Growing your business internationally – part 3

This is the 3rd article in the series on “How YOU Can Grow Your Business Internationally”.  In this segment you will learn of some things to beware of before opening a market outside the U.S. and will get some tips on key issues that should be addressed in a sales contract.

A Few Notes of Caution

Expanding your markets outside the United States can be a great strategy for growing your business but, as with any strategic move, it requires prudence and caution.   Become familiar with the current state of affairs in any country in which you would like to do business.  The U.S. Department of Commerce can give you excellent advice in this area.  The following is a list of ‘sovereign’ risks you should be most concerned about:

  • Political instability in the country
  • Wars the country is involved in
  • Military and civil unrest and insurrections
  • Economic instability
  • Boycotts by the country that could affect you or your products
  • Tariffs levied by the country on imported products
  • A history of expropriations of property by the government
  • The failure of the country’s central bank to provide foreign exchange for the country’s currency
  • Governmental subsidies to your buyer(s) that could end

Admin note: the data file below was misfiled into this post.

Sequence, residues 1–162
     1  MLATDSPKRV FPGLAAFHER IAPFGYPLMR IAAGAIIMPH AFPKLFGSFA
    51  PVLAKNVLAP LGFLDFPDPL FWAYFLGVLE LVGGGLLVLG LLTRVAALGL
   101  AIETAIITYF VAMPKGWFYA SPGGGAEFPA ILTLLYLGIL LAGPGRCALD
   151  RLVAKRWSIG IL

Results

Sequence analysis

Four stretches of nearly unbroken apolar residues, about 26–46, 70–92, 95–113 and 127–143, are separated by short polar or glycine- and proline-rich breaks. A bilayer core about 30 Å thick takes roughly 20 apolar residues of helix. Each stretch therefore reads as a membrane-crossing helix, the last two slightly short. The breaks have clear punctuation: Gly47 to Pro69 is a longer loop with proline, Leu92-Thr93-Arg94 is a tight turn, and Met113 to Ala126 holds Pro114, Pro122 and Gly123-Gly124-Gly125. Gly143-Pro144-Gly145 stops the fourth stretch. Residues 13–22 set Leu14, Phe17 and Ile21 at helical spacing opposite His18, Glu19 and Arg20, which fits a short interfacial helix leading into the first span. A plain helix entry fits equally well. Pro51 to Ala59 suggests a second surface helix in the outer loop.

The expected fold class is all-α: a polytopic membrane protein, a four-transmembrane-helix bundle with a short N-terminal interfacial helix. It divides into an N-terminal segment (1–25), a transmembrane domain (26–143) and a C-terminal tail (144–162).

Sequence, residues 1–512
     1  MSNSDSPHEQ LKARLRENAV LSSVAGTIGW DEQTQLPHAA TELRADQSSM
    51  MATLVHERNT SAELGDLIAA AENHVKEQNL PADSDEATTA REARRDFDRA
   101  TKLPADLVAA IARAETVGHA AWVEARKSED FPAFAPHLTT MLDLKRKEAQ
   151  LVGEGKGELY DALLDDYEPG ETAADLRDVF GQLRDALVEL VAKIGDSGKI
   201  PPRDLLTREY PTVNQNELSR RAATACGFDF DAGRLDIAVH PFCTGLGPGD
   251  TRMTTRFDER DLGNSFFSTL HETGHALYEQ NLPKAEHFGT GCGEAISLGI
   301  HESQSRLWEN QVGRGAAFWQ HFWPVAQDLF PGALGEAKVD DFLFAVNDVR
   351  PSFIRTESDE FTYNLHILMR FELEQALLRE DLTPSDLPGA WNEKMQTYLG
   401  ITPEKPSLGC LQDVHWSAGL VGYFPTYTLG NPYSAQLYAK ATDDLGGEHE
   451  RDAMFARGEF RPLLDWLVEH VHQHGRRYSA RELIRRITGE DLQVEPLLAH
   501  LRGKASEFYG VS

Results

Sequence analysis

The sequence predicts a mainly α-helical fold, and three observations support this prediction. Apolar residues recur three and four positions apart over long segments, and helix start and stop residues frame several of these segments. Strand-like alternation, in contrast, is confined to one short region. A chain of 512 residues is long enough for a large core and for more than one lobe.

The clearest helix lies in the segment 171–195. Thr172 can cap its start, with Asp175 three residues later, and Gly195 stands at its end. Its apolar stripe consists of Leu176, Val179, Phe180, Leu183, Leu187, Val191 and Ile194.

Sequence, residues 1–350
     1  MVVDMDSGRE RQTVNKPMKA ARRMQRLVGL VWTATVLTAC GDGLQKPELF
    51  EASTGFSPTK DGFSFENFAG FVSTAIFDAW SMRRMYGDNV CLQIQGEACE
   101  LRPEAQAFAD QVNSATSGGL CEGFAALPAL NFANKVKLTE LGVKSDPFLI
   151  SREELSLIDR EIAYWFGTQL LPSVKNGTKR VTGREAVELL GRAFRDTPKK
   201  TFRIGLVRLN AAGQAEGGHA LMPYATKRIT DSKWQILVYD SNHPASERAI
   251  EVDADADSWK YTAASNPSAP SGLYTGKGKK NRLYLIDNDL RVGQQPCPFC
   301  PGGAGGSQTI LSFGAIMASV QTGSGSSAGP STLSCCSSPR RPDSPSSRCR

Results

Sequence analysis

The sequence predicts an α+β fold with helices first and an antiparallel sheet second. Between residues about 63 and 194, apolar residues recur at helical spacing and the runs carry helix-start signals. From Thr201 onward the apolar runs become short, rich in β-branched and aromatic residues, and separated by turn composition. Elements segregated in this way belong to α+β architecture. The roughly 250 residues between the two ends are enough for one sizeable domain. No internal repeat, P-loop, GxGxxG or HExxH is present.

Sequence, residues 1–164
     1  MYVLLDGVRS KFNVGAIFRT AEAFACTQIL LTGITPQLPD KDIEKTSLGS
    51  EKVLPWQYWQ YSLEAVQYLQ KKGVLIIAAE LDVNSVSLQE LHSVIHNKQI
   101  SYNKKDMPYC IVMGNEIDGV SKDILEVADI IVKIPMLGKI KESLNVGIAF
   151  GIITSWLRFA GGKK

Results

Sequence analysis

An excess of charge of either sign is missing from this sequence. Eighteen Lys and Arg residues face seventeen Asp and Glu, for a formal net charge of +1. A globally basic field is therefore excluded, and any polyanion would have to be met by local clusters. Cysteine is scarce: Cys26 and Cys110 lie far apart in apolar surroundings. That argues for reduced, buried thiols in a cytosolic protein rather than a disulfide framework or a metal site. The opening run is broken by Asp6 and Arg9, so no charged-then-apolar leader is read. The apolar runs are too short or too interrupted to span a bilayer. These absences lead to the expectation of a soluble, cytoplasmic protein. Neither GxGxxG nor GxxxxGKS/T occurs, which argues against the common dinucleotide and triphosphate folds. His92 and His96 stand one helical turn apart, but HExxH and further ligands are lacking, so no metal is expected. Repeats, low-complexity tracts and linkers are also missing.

Andy Germer, Managing Director of the China Direct Group, normally advises his clients to initially insist on Letters of Credit if selling directly to an end user until a trusted relationship has developed.  Another approach he suggests is to minimize risk by finding a qualified and vetted foreign partner in the buyer’s country such as a distributor, sales agent, etc. who will absorb the credit risk in a buy / resell transaction with the seller.

Lastly, as with any transaction, it is absolutely critical that there is a clear and unambiguous understanding by both parties of what is being sold and bought.  Here is a list of some of the more critical items that should be included in a sales contract:

  • Merchandise description – Be specific
  • Packing and marking requirements
  • Delivery instructions – time and place
  • Price – itemize goods and seller-supplied non-product services
  • Shipping terms –check  Incoterms for guidance and terminology
  • Transfer of ownership
  • Insurance
  • Inspection – by whom and at what cost
  • Warranties – type and duration
  • Applicable law
  • Dispute resolution procedures
  • Method of payment

In the next, and last, segment of this series I will list some great sources you can turn to for addtional information.


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